Life Cycles

The way an insect or allied arthropod develops in relation to its seasonal environment constitutes its life cycle (Tauber et al. 1985). Life cycles are as varied as the kinds of animals living them. Perhaps a majority of species in arctic or temperate life zones have annual generations, that is, one complete turnover, egg to egg per year. Others have biannual or multiannual cycles. The latter implies the existence of prolonged feeding periods, often on food that is poor in nutrition (e.g., wood-boring beetle larvae), or the intercession of a period of diapause. Still others are semiannual (bivoltine) or multivoltine, with two to several generations per year. The latter are more typical of tropical or other stable environments where unfavorable drought or cold does not force temporary arrests in development. Some insects, such as pomace flies (Drosophila), develop very rapidly and repeatedly and may have almost continuous reproduction throughout the year. Some mosquitoes mature very quickly in transient water following infrequent rains but remain dormant in the egg stage for most of the remainder of the year.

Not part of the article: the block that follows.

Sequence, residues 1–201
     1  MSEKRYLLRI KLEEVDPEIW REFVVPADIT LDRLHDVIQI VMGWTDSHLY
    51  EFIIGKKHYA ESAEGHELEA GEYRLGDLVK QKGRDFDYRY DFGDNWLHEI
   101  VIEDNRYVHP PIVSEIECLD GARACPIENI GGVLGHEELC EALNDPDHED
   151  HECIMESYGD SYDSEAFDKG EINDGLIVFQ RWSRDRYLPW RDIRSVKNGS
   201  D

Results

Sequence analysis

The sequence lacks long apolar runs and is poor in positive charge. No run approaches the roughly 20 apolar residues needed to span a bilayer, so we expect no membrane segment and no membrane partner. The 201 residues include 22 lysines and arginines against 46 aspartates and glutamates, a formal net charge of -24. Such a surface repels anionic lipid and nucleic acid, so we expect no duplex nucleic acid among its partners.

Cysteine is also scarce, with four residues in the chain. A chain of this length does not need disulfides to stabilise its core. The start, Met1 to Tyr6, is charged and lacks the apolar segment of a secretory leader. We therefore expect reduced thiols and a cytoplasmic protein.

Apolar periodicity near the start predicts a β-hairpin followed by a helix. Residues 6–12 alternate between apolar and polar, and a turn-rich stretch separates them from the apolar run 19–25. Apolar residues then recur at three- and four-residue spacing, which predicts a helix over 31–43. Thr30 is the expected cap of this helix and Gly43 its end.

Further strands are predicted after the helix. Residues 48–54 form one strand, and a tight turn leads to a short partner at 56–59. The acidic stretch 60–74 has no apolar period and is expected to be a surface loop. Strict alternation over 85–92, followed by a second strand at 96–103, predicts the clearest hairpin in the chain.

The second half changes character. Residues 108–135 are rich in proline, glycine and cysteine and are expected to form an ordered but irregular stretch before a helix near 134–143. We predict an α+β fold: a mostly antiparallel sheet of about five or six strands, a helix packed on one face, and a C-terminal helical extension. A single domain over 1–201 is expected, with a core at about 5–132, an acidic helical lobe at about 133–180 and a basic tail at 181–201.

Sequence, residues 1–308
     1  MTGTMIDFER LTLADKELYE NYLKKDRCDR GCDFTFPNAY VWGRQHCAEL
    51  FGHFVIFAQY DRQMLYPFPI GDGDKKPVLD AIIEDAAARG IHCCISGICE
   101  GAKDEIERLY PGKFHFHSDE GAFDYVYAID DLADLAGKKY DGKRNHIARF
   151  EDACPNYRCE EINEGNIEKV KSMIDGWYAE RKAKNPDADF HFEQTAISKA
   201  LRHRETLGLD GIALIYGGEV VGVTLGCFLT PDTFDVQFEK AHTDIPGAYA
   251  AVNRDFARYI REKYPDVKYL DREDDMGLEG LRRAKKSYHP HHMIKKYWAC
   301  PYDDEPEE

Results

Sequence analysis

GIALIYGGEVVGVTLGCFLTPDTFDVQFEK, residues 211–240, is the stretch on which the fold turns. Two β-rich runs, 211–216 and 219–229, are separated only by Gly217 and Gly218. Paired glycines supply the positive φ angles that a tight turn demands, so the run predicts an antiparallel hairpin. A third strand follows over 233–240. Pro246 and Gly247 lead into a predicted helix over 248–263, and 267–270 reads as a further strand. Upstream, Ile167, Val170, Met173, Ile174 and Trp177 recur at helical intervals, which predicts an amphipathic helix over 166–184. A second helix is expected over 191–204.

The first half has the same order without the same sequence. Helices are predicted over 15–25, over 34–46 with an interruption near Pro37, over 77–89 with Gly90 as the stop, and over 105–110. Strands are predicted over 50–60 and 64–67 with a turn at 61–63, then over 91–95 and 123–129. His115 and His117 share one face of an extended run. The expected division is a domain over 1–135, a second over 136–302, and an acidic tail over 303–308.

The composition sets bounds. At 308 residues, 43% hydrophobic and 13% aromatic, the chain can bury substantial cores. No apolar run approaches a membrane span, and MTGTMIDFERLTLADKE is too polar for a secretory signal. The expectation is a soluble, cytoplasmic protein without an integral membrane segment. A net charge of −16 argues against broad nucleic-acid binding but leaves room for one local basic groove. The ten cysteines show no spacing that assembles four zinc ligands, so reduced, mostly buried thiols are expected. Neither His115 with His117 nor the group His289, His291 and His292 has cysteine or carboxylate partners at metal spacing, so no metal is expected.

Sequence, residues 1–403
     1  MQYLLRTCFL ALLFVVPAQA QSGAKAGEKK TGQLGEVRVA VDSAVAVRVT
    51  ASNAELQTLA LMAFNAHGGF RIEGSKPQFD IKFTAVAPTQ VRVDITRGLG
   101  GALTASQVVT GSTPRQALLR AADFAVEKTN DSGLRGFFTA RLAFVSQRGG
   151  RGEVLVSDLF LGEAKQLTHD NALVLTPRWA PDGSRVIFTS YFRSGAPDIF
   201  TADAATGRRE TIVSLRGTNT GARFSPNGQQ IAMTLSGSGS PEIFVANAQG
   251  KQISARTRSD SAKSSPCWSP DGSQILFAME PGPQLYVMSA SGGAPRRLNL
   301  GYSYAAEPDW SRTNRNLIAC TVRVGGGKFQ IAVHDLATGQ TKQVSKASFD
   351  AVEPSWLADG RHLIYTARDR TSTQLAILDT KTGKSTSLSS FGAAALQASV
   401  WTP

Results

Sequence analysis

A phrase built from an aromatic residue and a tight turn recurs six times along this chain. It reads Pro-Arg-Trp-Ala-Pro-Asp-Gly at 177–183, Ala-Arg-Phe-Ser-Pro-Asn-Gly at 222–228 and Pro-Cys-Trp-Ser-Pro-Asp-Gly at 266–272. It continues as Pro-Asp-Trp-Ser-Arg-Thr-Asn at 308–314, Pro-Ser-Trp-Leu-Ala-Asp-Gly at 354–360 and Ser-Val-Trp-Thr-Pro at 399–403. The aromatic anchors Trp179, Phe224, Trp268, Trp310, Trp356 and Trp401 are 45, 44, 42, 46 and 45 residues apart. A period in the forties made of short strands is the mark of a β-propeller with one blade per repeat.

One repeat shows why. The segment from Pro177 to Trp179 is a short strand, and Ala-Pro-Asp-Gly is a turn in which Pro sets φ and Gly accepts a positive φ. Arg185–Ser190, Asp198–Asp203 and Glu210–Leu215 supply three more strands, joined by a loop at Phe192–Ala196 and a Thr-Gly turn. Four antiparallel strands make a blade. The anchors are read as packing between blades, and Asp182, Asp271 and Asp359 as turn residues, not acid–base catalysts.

Certain insect types regularly incorporate asexual reproduction in their life cycles in addition to sexual reproduction. This alternation of generations is typical of aphids, for example. When conditions are best for plant growth and therefore feeding, as in the beginning of the rainy season, emphasis is on multiplication of numbers. This is accomplished by the "stem mothers" that bear live, sterile, wingless females parthenogenetically and as rapidly as possible. As the season favorable for dispersal approaches, when there is less or no rain and winds may increase, sexually active, winged males and females appear, to mate, mix genes, and disperse to new localities. The females lay eggs that hatch into the asexual forms once again. Production of sexual forms is controlled by changes in temperature and photoperiod; under constant tropical conditions, cyclical alternation of generations may not occur.

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